With demand for electric cars increasing rapidly, local authorities have a vital role to play in the development of a robust charging network that not only meets the needs of today’s EV drivers, but is also fit for the future.
Here are the key things that local authorities need to consider when installing EV chargepoints.
1. Balancing the load. With demand for EV charging growing exponentially, balancing demand on the grid, which is not growing at the same pace, is an issue being faced by cities all over the world.
It is much more costly to install chargepoints where significant grid capacity reinforcements are needed. But there is another way to ease the load on the grid. By using dynamic load balancing on EV charging networks, the need for grid expansion and connection costs are reduced, as available power is optimised and distributed between buildings and across all operational chargepoints.
This ensures vehicles are all charged as quickly as possible, while preventing overload on the grid and maintaining power to buildings and anything else drawing power from it (e.g. street lights, traffic lights). Without load balancing, increased demand from EV chargepoints could cause main fuses to blow or trip, due to the demand for power being more than what’s available.
2. Choosing the right charger. An understanding of the average length of charging sessions, and how much charge EVs tend to draw during each session, will help local authorities match supply and demand, and also decide what type of chargers to install.
CTEK’s research shows that the typical charge at a public chargepoint is around 10 kWh, and that vehicles are plugged in for approximately three hours, with drivers generally topping up their battery rather than charging from empty.
It’s perhaps easy to think that ‘faster is better’ and opt for rapid DC (direct current) chargers, but these are not always the best option. DC chargers draw a lot of power from the grid and are costly to install (roughly 10 times the cost of an AC (alternating current) chargepoint). They are really only necessary for drivers looking to quickly recharge, but in public parking spots where drivers are likely to stop for longer, an AC charger is generally more than adequate.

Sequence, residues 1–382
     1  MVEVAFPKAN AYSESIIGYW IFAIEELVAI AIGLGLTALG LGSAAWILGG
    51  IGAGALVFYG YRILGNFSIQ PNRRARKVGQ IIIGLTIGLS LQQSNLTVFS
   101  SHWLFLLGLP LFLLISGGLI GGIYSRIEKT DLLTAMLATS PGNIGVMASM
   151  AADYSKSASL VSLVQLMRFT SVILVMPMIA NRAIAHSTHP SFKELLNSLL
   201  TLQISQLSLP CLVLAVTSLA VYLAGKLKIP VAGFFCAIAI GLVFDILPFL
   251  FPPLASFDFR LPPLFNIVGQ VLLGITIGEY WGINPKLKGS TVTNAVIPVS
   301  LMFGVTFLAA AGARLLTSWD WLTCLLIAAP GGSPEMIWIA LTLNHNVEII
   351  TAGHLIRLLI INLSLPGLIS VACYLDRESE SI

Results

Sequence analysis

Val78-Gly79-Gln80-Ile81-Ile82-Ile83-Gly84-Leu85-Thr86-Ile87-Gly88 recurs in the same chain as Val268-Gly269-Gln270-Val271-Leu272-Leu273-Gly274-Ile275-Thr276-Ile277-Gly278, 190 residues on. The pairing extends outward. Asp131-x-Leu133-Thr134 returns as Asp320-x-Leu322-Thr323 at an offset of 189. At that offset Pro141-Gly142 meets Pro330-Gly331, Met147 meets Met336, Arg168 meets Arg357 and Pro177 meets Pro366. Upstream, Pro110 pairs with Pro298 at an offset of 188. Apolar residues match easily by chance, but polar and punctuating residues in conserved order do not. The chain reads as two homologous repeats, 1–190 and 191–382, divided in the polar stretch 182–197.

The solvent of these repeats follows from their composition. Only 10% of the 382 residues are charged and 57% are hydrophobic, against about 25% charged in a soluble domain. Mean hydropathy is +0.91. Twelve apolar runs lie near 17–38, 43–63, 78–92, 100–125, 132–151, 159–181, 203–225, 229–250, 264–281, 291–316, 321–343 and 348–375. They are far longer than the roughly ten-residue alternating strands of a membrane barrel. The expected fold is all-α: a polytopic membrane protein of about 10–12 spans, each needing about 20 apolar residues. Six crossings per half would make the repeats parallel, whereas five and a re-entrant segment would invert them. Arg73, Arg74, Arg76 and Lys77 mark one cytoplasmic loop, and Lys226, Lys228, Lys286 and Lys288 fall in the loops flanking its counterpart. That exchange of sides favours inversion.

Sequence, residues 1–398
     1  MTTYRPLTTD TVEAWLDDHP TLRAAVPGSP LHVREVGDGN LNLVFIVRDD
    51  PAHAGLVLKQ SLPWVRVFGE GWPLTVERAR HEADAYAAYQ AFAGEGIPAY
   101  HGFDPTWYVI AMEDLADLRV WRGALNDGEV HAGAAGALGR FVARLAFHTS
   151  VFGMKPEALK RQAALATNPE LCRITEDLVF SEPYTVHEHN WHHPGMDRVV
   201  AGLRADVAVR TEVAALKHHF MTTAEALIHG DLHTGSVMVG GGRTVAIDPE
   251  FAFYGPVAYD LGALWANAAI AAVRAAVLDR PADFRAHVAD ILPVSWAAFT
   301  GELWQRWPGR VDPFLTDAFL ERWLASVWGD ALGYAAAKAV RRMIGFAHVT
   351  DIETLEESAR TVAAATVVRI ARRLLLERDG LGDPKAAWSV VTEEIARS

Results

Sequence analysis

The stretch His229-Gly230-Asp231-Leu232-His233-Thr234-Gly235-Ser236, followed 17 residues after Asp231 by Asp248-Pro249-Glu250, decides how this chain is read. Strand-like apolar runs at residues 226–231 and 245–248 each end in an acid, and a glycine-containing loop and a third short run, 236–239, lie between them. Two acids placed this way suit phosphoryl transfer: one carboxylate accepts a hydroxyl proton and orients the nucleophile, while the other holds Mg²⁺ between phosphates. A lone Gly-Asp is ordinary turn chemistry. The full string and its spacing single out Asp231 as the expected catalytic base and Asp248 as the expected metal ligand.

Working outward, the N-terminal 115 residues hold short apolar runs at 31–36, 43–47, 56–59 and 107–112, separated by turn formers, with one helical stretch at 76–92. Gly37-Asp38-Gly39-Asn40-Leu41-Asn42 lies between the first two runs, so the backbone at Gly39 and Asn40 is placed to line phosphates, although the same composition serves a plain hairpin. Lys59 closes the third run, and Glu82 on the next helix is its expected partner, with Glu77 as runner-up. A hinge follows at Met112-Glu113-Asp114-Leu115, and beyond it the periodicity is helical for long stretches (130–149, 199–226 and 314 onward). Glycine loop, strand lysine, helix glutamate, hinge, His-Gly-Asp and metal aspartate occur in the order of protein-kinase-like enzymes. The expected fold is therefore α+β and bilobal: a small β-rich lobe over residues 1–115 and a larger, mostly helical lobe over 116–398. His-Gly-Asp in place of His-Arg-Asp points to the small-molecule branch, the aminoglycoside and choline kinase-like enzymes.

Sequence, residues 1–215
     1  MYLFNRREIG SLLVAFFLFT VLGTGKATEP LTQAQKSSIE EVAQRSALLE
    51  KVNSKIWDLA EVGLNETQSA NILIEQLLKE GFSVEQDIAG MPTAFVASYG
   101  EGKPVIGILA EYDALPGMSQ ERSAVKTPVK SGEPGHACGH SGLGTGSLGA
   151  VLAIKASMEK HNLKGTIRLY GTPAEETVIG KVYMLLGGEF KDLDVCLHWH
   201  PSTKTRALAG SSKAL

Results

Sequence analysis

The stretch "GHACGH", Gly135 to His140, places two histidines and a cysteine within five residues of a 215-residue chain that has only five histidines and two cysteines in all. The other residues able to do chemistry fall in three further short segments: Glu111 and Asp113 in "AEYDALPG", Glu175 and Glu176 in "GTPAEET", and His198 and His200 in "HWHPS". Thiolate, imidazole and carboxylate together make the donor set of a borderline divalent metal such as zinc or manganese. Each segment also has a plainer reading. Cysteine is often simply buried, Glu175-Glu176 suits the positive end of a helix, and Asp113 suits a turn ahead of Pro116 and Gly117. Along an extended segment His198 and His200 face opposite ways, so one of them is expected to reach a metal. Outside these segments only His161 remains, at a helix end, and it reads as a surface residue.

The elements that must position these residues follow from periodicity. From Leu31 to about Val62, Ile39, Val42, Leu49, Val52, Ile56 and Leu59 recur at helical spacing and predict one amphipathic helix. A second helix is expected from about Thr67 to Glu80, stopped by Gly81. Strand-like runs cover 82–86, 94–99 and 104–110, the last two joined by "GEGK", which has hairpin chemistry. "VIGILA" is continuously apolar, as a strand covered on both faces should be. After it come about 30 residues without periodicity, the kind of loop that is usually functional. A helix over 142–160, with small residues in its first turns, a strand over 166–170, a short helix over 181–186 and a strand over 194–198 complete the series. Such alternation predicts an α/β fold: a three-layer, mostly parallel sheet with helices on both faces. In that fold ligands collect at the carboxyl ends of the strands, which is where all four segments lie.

In Sweden’s second biggest city Gothenburg for example, CTEK has installed a network of 1,500 AC chargers, but there are only 20 public DC chargers in the whole of the city.
3. Location, location, location. CTEK’s rationale for locating public chargepoints is simple – they need to be where the people are - so shopping malls, leisure centres, community buildings etc are ideal. If there is concern about potential impact on parking revenues, consider installing chargepoints in under-used car parks or streets, or creating new parking spaces for EV bays.
4. Smart charging pays. The Government has consulted on proposals that all new UK chargepoints must have smart charging included. Smart charging allows drivers to tailor their charging profile - for example the time, speed and length of charge – to meet their specific needs. If your charging network is OCPP (Open Charge Point Protocol) compliant, paypoint equipment can then be added to apply differential prices for different charging profiles, for example fast/slow or priority charging.
5. Fit for the future. When installing a charging network, it’s important to fit for the future, not just for today. Make sure your charging network allows for easy expansion as demand inevitably grows, and that it is OCPP compliant, allowing seamless integration with other manufacturer’s equipment.
6. Doubling up. A dual socket chargepoint, where two vehicles can plug in and charge at the same time, can halve the number of physical units that need to be installed, and at considerably reduced cost.
7. Fit well, fit once. Reliability is key consideration. Robust chargepoints with high quality components will result in less downtime, which is a key frustration for EV owners, and less need for ongoing maintenance, or replacement. For outside units, a durable external casing is also recommended, to deter vandalism and protect from the weather.
Cecilia Routledge is global head of e-mobility at CTEK E-Mobility